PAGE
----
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Snyderville Planning Commission Ponders Colby School As Bed And Breakfast Inn

Snyderville Basin Planning Commission

The Snyderville Planning Commission Tuesday night did not come to a decision on the proposal to revive the Colby School building along Highway 224 as a Bed and Breakfast Inn.

In a Virtual public hearing, they heard from some critics of the proposal.     And after a lengthy discussion, they said they need more information about how the project will operate as an “owner-occupied” business.

The applicants are proposing to renovate the building known as the Colby School (and before that, the Snowed Inn) to accommodate eight guest rooms, one owner-occupied unit and a kitchen.

The electronic public hearing brought out three speakers.   Resident Andrew Levy noted he was one of the group of neighbors who had opposed a multiple-use expansion of the Colby site.    That led to an appeal two years ago to the County Council, which voted down the plan.   Levy asked the Snyderville Commissioners to remember that.       

“I still don’t feel that the application has met the standards that the County Council was looking for when they sent this back and rejected the original application.  The actual idea of a Bed and Breakfast as a neighbor is something we welcome greatly.   We just don’t think we’re doing enough diligence to meet the standards that the neighbors surrounding expect, nor that the County Council pretty clearly asked for in their last rule.”

Another speaker, Kathy Sonzini, said that the applicants, in their replies to the county staff, are implying that they want to operate with uses akin to a year-round resort.   

“They kind of cite their rendition  of previous Colby School commercial uses that would not be permitted under the current code and use table.   And this kind of suggests two things to me.   One—that the current applicant plans to hold large events, and Two, that they want you to believe the adjacent neighborhood is used to this type of activity.   And I’ve lived in ParkWest Village during both the Snowed Inn and Colby School operations.   And I can confirm for you the neighbors were very negatively impacted by events at the Snowed Inn.”

The Colby site has been the location for a Pilates/yoga/fitness studio operating in recent years under a Low Impact Permit, and the planning staff has determined that use can continue.    One resident said the Pilates studio shows the owners want to use the property for whatever Commercial use they can, in what is a Rural Residential zone.

Another major issue concerns if the new proposal could be used for events.

Brooke Hontz, the private planner for the owner, Hoffvest, said their intent is to operate a Bed and Breakfast, but they wouldn’t shut the door if a gathering was appropriate for the site, and they would apply under the county’s Special Event Permit process.        

“I’ve been to weddings at Bed and Breakfasts.  In fact, I’ve attended weddings at the Snowed Inn and at the Colby School when it wasn’t a Bed and Breakfast.  And so you automatically go to—well, could there be some sort of event in a beautifully-maintained and landscaped place.  Yes, we see that all the time.  That isn’t the intention of this business plan.  That isn’t the intention of Emma and Hoffvest.  But the concept of not allowing them would also be unacceptable.  Because the whole idea is to have this Bed and Breakfast succeed as a Bed and Breakfast.  And what that may bring in the future, as far as types of events that are appropriate on that site, we don’t know.”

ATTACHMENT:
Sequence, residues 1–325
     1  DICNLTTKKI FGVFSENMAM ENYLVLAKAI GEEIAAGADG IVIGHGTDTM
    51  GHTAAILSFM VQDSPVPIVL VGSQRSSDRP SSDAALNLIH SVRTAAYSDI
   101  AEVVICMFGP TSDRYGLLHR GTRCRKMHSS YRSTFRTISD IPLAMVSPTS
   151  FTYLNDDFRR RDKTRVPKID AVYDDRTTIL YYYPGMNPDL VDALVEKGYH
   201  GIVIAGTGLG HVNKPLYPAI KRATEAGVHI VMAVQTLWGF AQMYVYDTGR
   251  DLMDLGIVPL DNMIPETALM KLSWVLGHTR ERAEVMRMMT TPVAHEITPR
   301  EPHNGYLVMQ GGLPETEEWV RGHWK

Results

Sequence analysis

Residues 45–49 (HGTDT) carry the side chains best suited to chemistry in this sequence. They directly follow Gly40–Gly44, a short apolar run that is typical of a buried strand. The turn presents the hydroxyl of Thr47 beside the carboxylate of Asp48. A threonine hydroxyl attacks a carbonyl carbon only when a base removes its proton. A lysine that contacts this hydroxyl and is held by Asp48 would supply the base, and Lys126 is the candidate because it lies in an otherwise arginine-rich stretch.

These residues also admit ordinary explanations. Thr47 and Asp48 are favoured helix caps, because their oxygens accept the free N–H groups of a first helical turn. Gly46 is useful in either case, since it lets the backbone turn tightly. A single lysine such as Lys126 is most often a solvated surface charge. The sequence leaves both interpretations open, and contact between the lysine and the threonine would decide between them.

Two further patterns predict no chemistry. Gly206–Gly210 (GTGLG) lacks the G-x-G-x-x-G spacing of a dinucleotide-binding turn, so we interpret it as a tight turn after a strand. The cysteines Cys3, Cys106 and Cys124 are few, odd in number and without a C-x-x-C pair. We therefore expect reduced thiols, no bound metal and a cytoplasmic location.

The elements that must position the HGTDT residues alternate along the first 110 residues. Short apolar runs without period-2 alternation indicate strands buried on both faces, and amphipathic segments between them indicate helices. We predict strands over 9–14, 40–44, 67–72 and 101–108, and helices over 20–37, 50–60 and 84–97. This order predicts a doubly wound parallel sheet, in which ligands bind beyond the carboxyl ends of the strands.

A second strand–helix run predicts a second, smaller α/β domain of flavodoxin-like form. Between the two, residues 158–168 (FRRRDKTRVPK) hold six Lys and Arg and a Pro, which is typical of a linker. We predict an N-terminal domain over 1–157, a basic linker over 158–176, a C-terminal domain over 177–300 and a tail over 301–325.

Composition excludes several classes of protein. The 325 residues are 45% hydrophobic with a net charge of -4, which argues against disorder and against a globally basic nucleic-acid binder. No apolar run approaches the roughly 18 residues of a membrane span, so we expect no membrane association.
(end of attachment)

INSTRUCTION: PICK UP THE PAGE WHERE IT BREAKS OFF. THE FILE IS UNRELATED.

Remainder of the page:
She said the Permitting process will allow the county to address such items as lighting, noise and parking.

Deputy County Attorney Jami Brackin agreed an Event Permit would be appropriate for a gathering beyond the normal use of the Bed and Breakfast Inn.

Likely the toughest question on Tuesday was to establish what an ‘owner-occupied unit” is.   That’s legally necessary to establish the Colby as a B and B, rather than a small hotel.

The owner, however, is not an individual, but a corporate entity, Hoffvest LLC.

The project’s attorney, Robert O’Connell, claimed that the county code doesn’t have a clear definition of what an “owner’ is.

The Snyderville Commissioners had varied responses.   Joel Fine said he was leaning toward the condition recommended by staff—saying that before a business license is granted to the Colby, the applicants have to show that the occupant has a “deeded ownership interest in the Property.”

Planning Commissioners Thomas Cooke and Canice Harte said they’d like to get more information, and clarity about the business structure.    And panel members Krystal Simons and Malena Stevens said they would like the occupant to be identified.

The Snyderville Commission voted to continue the item to the next available date.   One dissenting vote came from Planning Commissioner John Kucera.      

“To me, that point of Ownership is based on what legal counsel and the staff has viewed it as.   I’m having a difficult time understanding what to do with that information.   My preference is far more on the Conditioning side, and that’s just based on my very primitive understanding of how this legal law is interpreted.  I agree with all the intent stuff.”

Snyderville Commissioner John Kucera.

Known for getting all the facts right, as well as his distinctive sign-off, Rick covered Summit County meetings and issues for 35 years on KPCW. He now heads the Friday Film Review team.
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